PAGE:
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Lo! yonder comes the foe

Rush on with gun and glaive,
For freedom 'tis ye strike below

The banner of the brave;
On-on, until they fly,

Their fiercest daring mar-
'Tis well! Aling down the brand and cry

The victor shout-hurrah !

A HEALTH.

BY EDWARD C. PINKNEY.

I FILL this cup to one made up of loveliness alone,
A woman, of her gentle sex the seeming paragon;
To whom the better elements and kindly stars have given
A form so fair, that like the air, 'tis less of earth than

heaven.

Her every tone is music's own, like those of morning

birds, And something more than melody dwells ever in her

words; The coinage of her heart are they, and from her lips

each flows As one may see the burdened bee forth issue from the

rose.

Affections are as thoughts to her, the measure of her

hours ; Her feelings have the fragrancy, the freshness, of young

flowers ; And lonely passions, changing oft, so fill her, she ap.

pears The image of themselves by turns,--the idol of past

years!

Of her bright face one glance will trace a picture on the

brain, And of her voice in echoing hearts a sound must long

remain ; But memory such as mine of her so very much endears, When death is nigh, my latest sigh will not be life's,

but hers.

I fill this cup to one made up of loveliness alone,
A woman of her gentle sex the seeming paragon-
Her health! and would on earth there stood some more

of such a frame, That life might be all poetry, and weariness a name.

"TIS THE BREAK OF DAY.

BY ROBERT WALN.

'Tis the break of day, and cloudless weather,
The eager dogs are all roaming together,
The moor-cock is flitting across the heather,
Up, rouse from your slumbers,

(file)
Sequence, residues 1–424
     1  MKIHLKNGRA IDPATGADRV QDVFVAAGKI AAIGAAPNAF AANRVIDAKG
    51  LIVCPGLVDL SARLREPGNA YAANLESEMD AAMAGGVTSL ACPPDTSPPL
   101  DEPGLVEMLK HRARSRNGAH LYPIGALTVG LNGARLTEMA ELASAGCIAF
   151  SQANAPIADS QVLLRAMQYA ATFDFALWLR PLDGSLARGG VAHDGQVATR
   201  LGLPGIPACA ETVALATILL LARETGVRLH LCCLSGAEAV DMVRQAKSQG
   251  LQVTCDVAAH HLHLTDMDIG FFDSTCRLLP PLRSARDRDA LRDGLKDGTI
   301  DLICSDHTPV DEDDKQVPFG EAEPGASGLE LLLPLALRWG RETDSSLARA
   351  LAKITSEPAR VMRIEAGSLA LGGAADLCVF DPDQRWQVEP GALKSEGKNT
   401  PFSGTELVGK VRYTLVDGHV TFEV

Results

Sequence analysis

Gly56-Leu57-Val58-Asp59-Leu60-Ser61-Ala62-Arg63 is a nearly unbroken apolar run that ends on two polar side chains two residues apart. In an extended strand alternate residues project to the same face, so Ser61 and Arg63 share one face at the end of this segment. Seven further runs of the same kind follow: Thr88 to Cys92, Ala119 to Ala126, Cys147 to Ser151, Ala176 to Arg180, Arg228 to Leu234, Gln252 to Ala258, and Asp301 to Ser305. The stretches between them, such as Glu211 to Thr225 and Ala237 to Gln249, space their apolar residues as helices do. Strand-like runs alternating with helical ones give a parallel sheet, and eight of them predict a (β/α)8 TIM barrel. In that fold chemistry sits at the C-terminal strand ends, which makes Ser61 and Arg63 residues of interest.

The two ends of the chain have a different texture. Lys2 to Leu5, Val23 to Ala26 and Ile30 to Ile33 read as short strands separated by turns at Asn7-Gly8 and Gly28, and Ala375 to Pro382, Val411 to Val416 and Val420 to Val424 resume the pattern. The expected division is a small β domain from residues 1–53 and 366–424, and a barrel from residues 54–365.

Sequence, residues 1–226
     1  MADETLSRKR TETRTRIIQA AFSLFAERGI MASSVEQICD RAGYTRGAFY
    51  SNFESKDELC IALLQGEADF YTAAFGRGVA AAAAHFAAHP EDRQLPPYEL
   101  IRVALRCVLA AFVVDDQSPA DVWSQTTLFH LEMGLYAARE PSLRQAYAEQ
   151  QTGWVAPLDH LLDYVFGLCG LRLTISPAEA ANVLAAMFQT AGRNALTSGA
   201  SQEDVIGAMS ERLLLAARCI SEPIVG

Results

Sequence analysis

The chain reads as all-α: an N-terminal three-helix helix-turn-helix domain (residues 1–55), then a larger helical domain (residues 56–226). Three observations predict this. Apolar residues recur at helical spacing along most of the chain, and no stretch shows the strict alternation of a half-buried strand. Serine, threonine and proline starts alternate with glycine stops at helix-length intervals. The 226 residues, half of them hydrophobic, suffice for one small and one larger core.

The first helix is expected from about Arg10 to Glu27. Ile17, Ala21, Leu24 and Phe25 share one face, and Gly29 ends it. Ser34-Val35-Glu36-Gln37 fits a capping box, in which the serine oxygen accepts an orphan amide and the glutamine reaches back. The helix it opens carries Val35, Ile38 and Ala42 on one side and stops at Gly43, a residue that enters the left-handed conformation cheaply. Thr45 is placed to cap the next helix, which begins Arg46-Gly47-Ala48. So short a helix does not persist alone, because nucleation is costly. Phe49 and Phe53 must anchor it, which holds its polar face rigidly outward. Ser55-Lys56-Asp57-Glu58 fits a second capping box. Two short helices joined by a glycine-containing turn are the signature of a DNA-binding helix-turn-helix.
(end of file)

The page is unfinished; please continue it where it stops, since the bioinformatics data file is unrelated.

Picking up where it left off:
Away!
No vapour encumbers the day;
Wind the echoing horn,

For the waking morn
Peeps forth in its mantle of gray.

The wild boar is shaking his dewy bristle,
The partridge is sounding his morning whistle,
The red-deer is bounding o'er the thistle,
Up, rouse from your slumbers,

Away!
No vapour encumbers the day;
Wind the echoing horn,

For the waking morn
Peeps forth in its mantle of gray.

THE FUNERAL AT SEA.

BY HENRY J. FINN.

DEEP mists hung over the mariner's grave

When the holy funeral rite was read; And every breath on the dark blue wave

Seemed hushed, to hallow the friendless dead.

And heavily heaved on the gloomy sea,

The ship that sheltered that homeless oneAs though his funeral-hour should be

When the waves were still and the winds were gone.

And there he lay, in his coarse, cold shroud

And strangers were round the coffinless : Not a kinsman was seen among that crowd,

Not an eye to weep, nor a lip to bless.

No sound from the church's passing-bell

Was echoed along the pathless deep, The hearts that were far away to tell

Where the mariner lies, in his lasting sleep.

Not a whisper then lingered upon the air

O'er his body, one moment, his messmates bent; But the plunging sound of the dead was there

And the ocean is now his monument !

But many a sigh, and many a tear,

Shall be breathed, and shed, in the hours to come When the widow and fatherless shall hear

How he died, far, far from his happy home!

LIFE A DREAM.

BY CHARLES CONSTANTINE PISE.

Our life is a dream-when memory surveys
The scenes that have sped with the flight of her days,
They resemble those visions of grief or delight,
Which so frequently dance on the mind, for a night.

The youth is in Eden, beneath the fresh bowers,
Or culling his temples a chaplet of flowers :
The glad offspring embraces its parent again,
And hears the fond voice it had longed for in vain.

The friend, whose dark destiny long had been wept,
And whose dust the four winds of the heavens had swept,
In the smiles of an angel from slumber returns,
And asks his beloved, “Why so sadly he mourns ?”

The minstrel exults—for his exile is o'er;
And he rouses his harp from its silence once more-
But the least breathing whisper, the stir of a leaf,
Ushers in on the fancy the morning of grief!

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